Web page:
The game had more than a hint of déjà vu for Italy, as it brought back memories of the 1966 tournament, when North Korea also defeated the Azzurri to reach the quarter-finals.

Match-winner Ahn may have written his name into World Cup folklore, but his exploits also led to Perugia President Luciano Gaucci declaring that the forward would never play for the club again after disrespecting the Italian nation - just a day after South Korea’s famous win.

“That gentleman will never set foot in Perugia again,” Gaucci promised. “He was a phenomenon only when he played against Italy. I am a nationalist and I regard such behaviour not only as an affront to Italian pride but also an offence to a country which opened its doors to him two years ago. I have no intention of paying a salary to someone who has ruined Italian football.”

It is perhaps worth noting that this is the very same man who signed Colonel Gadaffi’s son Al-Saadi in 2003 and almost followed it up with a swoop for then-star of the women’s game, Birgit Prinz.

With the likes of Francesco Totti, Alessandro Nesta, Fabio Cannavaro and Christian VIeri fast approaching their primes, Italy’s so-called Golden Generation - a term now synonymous with flattery and underachievement - failed to live up to the hype surrounding their talents.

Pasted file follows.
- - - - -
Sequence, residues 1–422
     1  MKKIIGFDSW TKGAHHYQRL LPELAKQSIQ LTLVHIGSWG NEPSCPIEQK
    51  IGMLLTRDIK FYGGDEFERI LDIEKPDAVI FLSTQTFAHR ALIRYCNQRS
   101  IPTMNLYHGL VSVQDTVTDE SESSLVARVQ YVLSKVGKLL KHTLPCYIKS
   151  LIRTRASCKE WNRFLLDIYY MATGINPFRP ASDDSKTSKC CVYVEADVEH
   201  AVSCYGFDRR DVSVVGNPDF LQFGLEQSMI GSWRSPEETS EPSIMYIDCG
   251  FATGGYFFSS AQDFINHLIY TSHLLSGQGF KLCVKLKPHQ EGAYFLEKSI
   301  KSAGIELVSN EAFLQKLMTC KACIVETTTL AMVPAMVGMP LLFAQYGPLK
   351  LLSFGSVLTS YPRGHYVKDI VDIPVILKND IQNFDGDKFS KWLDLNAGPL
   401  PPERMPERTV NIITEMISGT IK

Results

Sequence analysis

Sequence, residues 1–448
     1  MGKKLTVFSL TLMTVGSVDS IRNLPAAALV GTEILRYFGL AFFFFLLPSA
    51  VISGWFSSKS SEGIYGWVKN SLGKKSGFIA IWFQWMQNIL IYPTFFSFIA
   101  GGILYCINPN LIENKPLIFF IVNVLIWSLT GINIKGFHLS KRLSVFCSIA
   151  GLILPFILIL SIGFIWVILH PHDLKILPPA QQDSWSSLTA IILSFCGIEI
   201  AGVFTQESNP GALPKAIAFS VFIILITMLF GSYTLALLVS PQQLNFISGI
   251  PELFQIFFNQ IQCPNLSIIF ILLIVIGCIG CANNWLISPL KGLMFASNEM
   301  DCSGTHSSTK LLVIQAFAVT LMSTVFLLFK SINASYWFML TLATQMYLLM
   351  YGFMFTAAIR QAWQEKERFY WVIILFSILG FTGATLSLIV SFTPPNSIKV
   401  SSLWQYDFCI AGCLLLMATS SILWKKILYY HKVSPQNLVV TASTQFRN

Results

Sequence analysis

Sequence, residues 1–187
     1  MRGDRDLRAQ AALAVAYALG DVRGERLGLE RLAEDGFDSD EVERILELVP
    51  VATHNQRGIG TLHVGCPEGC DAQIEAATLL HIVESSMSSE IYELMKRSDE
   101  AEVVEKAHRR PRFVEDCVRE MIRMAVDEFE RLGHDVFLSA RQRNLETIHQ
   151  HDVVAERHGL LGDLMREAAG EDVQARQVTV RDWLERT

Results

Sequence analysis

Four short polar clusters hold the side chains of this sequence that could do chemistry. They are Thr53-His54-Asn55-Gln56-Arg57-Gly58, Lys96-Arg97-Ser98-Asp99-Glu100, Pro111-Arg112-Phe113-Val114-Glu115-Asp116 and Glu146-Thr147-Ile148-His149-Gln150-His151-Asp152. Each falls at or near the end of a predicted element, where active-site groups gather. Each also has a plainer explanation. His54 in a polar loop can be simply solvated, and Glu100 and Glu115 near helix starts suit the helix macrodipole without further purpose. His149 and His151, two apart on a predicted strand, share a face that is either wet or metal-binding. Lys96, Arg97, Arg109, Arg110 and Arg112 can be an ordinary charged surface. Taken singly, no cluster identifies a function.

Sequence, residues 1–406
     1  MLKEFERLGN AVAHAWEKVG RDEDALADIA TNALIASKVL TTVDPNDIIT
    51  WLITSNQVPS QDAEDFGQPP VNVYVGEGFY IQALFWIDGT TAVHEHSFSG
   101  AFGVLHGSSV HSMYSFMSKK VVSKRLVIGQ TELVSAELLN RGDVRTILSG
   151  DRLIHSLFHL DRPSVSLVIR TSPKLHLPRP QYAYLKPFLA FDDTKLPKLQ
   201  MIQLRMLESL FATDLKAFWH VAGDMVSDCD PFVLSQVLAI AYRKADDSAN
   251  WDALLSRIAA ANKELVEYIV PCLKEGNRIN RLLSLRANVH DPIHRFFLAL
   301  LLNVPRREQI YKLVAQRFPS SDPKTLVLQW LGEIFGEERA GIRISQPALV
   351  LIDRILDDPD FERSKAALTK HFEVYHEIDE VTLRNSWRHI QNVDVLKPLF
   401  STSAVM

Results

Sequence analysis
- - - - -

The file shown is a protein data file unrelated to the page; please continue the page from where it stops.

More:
Only against Ecuador did Italy really play anywhere near their maximum capabilities. Bar that, they were punished for using old-fashioned tactics. Trapattoni’s persistence with catenaccio was derided for being too defensive and lacking innovation.

As a result, their counterattacking intent became too predictable, as attacks regularly broke down. In the case of Totti, a player who thrived when given the opportunity to pull the strings at his own pace, he looked uncomfortable in such a rigid system and failed to attain enough creative licence.

But with five perfectly good goals disallowed and a player wrongly sent off in the final game, there is still a great deal of injustice felt to this day. The name Byron Moreno is one which will live in infamy in Calcio for a long time.

Part One - Part Two - Part Three